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Tips for photographing food?

Discussion in 'Native Lenses' started by dlhomesolutions, Apr 12, 2016.

  1. dlhomesolutions

    dlhomesolutions Mu-43 Regular

    172
    Sep 30, 2013
    Peoria, IL
    I got hired to do stone food pics for a small fast food restaurant.

    What lens do you recommend? I was thinking the 12-40 pro, but also maybe the 25mm 1.4.

    Any thoughts?

    Sent from my SM-N920V using Mu-43 mobile app
     
  2. ashburtononline

    ashburtononline Mu-43 Veteran

    389
    Jan 21, 2015
    New Zealand
    I have shot a lot of food ..... You need hot food and need to work fast. The 12-40 should be fine. What lighting do you have? I use a few FL50's in FP TTL mode to get good results. Try not to eat it all :)

    Food
     
  3. dlhomesolutions

    dlhomesolutions Mu-43 Regular

    172
    Sep 30, 2013
    Peoria, IL
    I have 2 constantly light softboxes. I was planning to use those.

    Sent from my SM-N920V using Mu-43 mobile app
     
  4. bmhome1

    bmhome1 Mu-43 Regular

    34
    Mar 4, 2015
    Check out the Resources forum for good tutorial on lighting food.
     
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  5. wjiang

    wjiang Mu-43 Hall of Famer

    Yeah, 12-40 is probably all that you'll need. You want to show off the food, so adequate DoF is required. At close up distances you probably don't want shallower than that from f/2.8. The focal length flexibility is more useful I think.

    Make sure you set up your lighting with stand in props first that are as close as possible in size, shape and reflectivity of the real dish (last one might be challenging to get right). Freshly made food doesn't stay looking good for long, you need to be ready to shoot as soon as it comes out.

    Don't be afraid to rearrange the food, toss ugly bits out, prop bits up etc to make it look good. Having an assistant who can help you do that so you don't have to get your hands messy might be helpful.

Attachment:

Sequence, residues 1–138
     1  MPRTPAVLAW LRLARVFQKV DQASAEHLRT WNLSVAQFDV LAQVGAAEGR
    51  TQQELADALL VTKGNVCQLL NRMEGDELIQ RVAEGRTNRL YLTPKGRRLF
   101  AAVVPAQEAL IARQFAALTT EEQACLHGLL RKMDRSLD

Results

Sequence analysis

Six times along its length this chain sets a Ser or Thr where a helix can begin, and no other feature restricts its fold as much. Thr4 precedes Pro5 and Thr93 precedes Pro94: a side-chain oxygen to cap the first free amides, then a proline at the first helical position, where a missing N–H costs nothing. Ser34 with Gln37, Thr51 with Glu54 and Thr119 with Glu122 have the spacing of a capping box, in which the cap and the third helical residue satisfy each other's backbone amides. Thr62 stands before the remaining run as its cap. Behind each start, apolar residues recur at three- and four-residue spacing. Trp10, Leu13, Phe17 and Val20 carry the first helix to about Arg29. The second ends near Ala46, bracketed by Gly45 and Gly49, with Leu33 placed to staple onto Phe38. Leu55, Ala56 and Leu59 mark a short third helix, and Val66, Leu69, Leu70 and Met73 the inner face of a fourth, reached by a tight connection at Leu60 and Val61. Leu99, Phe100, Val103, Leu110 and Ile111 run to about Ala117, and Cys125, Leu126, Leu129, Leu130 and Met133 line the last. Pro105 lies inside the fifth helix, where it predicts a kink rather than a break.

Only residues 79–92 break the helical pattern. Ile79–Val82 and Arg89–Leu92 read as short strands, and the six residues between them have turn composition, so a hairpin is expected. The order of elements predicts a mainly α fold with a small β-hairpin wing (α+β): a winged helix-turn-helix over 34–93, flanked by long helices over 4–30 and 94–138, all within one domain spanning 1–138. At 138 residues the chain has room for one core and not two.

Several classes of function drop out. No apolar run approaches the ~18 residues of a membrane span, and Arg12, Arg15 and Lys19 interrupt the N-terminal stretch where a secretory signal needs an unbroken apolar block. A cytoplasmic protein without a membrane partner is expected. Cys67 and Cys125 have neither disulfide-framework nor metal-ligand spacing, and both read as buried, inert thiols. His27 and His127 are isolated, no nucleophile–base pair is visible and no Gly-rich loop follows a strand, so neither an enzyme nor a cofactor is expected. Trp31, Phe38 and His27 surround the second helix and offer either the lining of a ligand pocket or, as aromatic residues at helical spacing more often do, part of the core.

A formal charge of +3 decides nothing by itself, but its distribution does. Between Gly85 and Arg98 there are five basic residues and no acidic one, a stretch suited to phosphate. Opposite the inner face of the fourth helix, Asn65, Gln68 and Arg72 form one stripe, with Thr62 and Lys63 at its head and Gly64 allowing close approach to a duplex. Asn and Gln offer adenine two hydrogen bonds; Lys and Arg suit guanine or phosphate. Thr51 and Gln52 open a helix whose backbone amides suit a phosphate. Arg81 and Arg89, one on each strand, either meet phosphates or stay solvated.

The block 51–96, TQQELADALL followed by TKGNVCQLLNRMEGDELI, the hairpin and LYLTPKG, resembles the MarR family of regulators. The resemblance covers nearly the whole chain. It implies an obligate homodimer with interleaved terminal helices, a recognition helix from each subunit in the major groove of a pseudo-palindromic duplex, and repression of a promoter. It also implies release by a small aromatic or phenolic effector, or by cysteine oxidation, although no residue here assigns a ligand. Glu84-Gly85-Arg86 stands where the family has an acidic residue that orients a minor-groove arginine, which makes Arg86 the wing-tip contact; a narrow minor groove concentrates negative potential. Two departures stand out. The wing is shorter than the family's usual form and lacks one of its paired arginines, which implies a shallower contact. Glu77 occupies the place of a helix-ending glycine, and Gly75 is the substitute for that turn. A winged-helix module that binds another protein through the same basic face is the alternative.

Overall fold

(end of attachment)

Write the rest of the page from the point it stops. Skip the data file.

6. dlhomesolutions

    dlhomesolutions Mu-43 Regular

    172
    Sep 30, 2013
    Peoria, IL
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  7. oldracer

    oldracer Mu-43 All-Pro

    Oct 1, 2010
    USA
    The food looks good; I'm sure the customer is pleased. Next time for similar setups I suggest putting a light source below the camera. Or a big white reflector if you can't arrange a light source. The fairly deep shadow under the plates is distracting and the food closest to the camera could benefit from a little more light as well. Note the dark drumstick (standing vertically) in the photo posted here in the thread. Some more DOF would be nice if you can manage it, too.
     
  8. dlhomesolutions

    dlhomesolutions Mu-43 Regular

    172
    Sep 30, 2013
    Peoria, IL
    When you say more depth of field you mean shooting with a smaller aperture? Like f/11 or so?

    Sent from my SM-N920V using Mu-43 mobile app
     
  9. oldracer

    oldracer Mu-43 All-Pro

    Oct 1, 2010
    USA
    Yes. I would start with the smallest aperture that the lens offers and then try a couple of larger apertures and compare results. At the smallest aperture, diffraction effects may make the photo softer versus a slightly larger aperture. It's a tradeoff.

    Ideally this kind of stuff is shot with a view camera and some tilt to bring the back into focus, but that is old school and expensive so probably not cost-effective to hire for just one restaurant.
     
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